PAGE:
Z. exclamationis is a small leaf beetle, 6–12 mm in length, 2–4 mm wide, with a brown pronotum and yellow elytra marked with three, elongated brown stripes and a single, shorter, lateral stripe ending at the middle of the wing in a small dot that resembles an exclamation point. This arrangement bears similarities to the exclamation mark from where this species gets its Latin name. Adult beetles are morphological similar to the Colorado potato beetle, a pest of potato crops.
Z. exclamationis is native to North America. Adult beetles are phytophagus and associated with the sunflower species Helianthus annuus (common sunflower), H. giganteus (giant sunflower), and H. petiolaris (prairie sunflower). It is a major economic pest to sunflower production in North America.
Overwintering adults emerge in late May or early June. Shortly after emergence, the beetles begin to feed, mate and lay eggs singly on stems and undersides of leaves. Adults live for about 8 weeks and are capable of laying eggs for most of this period. Each female lays approximately 850 eggs, with a range of 200 to 2,000 eggs. Eggs hatch into larvae after about one week; the young larvae feed on the leaves at night. They hide among the bracts of the flower bud and amongst leaves during the day. The larvae feed for about two weeks but, because of the long egg laying period, larvae may be present in the field for about six weeks in June or July.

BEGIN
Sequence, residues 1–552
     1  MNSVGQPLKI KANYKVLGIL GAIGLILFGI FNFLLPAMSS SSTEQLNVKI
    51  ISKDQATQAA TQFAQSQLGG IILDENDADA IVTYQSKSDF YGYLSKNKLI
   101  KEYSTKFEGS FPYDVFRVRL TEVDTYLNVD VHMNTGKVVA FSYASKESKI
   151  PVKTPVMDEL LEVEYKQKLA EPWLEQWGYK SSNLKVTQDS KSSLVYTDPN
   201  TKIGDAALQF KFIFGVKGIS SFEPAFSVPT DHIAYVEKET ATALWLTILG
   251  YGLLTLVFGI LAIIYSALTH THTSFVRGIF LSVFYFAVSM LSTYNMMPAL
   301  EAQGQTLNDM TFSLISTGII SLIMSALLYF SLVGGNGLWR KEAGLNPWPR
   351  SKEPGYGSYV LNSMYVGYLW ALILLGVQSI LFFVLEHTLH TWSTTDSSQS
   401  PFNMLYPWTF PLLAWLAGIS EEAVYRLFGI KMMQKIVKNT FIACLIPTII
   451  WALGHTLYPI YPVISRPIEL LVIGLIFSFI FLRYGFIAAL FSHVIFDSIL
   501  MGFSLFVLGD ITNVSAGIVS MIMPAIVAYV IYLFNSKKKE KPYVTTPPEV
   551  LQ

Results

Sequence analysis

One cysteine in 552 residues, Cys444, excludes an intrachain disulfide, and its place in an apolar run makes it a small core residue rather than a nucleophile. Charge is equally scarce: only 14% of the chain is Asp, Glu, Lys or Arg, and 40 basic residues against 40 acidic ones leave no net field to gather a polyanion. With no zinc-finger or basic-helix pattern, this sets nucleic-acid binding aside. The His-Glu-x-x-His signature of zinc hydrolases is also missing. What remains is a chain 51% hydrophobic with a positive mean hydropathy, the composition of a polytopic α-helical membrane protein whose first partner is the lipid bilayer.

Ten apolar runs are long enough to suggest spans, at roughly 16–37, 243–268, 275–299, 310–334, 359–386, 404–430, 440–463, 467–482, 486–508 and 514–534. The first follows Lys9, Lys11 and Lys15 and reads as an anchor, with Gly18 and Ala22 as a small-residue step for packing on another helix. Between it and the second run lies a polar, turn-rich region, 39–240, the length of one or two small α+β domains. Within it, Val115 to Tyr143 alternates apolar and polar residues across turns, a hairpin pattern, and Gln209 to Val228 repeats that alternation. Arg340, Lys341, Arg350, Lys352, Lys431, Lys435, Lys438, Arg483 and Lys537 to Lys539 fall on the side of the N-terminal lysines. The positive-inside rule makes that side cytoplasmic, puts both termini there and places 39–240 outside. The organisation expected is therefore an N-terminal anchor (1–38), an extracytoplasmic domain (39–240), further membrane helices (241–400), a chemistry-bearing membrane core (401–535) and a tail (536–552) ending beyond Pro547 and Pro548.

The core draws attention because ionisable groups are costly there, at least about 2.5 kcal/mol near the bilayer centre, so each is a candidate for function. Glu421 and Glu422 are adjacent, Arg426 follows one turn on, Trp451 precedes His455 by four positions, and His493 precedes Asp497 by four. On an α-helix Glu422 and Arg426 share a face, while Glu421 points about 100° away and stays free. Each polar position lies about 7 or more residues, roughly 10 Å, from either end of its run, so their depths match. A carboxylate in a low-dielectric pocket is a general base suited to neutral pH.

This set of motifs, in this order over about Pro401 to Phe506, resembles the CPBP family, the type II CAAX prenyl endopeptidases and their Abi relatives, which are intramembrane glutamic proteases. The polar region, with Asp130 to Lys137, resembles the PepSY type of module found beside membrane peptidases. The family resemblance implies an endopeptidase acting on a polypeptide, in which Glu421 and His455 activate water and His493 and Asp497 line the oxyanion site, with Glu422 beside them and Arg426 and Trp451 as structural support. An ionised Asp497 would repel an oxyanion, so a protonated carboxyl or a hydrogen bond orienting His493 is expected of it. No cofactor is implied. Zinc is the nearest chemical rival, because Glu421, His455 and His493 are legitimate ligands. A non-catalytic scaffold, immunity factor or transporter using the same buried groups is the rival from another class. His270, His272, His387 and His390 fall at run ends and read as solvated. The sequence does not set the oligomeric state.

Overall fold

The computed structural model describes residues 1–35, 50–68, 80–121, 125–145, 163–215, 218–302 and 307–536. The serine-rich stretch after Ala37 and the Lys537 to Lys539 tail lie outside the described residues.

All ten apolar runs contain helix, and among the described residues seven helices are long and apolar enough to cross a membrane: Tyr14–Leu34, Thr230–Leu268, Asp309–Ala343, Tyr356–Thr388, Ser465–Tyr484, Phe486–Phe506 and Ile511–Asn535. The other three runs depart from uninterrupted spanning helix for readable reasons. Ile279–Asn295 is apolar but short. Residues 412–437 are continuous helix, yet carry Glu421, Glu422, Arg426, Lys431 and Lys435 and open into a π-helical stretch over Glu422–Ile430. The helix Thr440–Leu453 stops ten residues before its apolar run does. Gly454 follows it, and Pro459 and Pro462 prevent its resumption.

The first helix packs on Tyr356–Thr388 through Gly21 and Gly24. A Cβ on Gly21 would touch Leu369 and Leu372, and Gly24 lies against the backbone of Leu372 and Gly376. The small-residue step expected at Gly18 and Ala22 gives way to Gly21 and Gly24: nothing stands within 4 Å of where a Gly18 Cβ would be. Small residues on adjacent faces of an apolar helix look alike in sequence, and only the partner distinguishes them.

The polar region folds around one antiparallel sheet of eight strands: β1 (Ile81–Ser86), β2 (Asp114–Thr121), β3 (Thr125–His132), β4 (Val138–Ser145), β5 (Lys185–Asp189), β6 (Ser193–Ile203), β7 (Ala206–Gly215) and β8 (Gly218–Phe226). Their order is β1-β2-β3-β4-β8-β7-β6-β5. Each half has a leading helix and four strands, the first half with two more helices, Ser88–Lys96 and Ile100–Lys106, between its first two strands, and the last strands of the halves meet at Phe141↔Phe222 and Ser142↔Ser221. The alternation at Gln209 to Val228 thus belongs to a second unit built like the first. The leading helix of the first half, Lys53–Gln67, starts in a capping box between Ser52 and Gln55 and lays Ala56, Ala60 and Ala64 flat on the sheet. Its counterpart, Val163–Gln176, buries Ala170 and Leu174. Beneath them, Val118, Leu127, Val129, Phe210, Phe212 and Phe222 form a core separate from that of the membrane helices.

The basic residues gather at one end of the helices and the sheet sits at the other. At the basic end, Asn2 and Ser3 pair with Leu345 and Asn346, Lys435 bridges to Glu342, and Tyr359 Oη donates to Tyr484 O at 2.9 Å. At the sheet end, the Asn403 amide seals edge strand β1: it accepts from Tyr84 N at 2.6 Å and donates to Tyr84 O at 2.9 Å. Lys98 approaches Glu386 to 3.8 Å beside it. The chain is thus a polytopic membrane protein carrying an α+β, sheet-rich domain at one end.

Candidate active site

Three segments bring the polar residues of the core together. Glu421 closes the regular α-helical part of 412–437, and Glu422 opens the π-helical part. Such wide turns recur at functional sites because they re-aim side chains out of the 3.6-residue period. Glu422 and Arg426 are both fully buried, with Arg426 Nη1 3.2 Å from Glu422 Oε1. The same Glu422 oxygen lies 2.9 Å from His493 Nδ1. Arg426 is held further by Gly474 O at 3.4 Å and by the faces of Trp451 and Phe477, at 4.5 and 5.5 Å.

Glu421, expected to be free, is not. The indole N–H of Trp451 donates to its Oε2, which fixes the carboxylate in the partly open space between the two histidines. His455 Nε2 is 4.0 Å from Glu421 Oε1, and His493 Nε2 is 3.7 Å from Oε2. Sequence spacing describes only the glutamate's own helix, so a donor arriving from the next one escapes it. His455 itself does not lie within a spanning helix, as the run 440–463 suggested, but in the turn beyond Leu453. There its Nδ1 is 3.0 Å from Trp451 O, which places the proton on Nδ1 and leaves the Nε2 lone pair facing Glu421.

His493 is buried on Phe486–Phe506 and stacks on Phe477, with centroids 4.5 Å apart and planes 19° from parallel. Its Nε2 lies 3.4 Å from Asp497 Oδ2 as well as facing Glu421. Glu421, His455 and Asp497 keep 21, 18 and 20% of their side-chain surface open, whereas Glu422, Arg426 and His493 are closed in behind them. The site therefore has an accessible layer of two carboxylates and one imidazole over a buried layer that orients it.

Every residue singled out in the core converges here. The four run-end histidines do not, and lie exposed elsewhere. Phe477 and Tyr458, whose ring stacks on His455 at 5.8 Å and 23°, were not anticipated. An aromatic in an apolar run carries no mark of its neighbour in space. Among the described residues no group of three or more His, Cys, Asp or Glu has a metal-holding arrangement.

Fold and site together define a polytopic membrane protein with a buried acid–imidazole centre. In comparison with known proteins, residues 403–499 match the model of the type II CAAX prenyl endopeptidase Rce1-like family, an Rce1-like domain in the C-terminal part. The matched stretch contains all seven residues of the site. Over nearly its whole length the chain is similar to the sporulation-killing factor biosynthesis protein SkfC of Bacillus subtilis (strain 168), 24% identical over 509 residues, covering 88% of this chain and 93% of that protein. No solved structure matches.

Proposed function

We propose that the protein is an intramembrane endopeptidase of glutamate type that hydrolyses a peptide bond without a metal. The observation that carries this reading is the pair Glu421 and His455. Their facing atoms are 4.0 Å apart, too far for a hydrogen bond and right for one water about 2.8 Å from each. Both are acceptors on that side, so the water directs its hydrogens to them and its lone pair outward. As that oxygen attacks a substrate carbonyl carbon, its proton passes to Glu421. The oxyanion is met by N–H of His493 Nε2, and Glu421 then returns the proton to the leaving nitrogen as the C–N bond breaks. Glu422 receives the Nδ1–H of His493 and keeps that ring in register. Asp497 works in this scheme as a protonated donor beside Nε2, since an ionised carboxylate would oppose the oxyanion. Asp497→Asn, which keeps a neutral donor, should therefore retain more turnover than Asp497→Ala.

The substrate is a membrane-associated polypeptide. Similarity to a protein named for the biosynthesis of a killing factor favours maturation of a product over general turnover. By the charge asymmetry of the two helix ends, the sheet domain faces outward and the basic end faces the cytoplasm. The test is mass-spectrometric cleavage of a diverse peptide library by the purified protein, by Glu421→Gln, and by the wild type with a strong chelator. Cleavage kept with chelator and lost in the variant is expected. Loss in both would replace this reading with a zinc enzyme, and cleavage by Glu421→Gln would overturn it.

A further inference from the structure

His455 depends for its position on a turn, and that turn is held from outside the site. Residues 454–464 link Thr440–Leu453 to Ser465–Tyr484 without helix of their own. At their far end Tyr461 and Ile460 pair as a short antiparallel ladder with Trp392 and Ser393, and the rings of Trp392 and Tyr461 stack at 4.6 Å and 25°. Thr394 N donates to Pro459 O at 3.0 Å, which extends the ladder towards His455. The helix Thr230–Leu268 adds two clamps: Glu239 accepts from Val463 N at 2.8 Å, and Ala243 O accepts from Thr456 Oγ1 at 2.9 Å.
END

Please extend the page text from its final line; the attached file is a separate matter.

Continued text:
The larvae have four instars. When mature, the larvae enter the soil to pupate in earthen cells. The pupal stage lasts from 10 days to two weeks. Adults of the new generation emerge and feed for a short period on the sunflower head or on the uppermost leaves of the plant; they do not mate or lay eggs before re-entering the soil to overwinter.
There are many predators of Z. exclamationis in its different life stages. Eggs are predated by the melyrid beetle Collops vittatus, the thirteen spotted ladybird Hippodamia tredecimpunctata, and the convergent ladybird H. convergens. Larvae of the common green lacewing Chrysoperla carnea consume both eggs and larvae. The spined soldier bug Podius maculiventris predates both larvae and adults.
Eggs of Z. exclamationis are parasitised by the pteromalid wasp Erixestus winnemana, larvae by the tachinid fly species Myiopharus macellus and M. doryphorae. The rate of parasitisation is high in some fields in Canada and the USA can be as high as 70-100%.
The sunflower beetle is considered to be one of the most damaging defoliators of cultivated sunflowers in North America. Advice published by Kansas State University in 2016 recommends the use of insecticide treatment of sunflower crops if any of the following conditions are met: one adult beetle is present per seedling, larvae reach numbers of 10-15 per plant on upper leaves, or 25 percent defoliation occurs and pupation has not begun. Given the short larval and adult lifecycle, delayed planting of sunflower crops is effective in preventing yield reductions caused by sunflower beetle. Recommended insecticides for infested crops include: Beta-cyfluthrin, Carbaryl, Deltamethrin, Esfenvalerate, Gamma-cyhalothrin, Lambda-cyhalothrin, and Zeta-cypermethrin.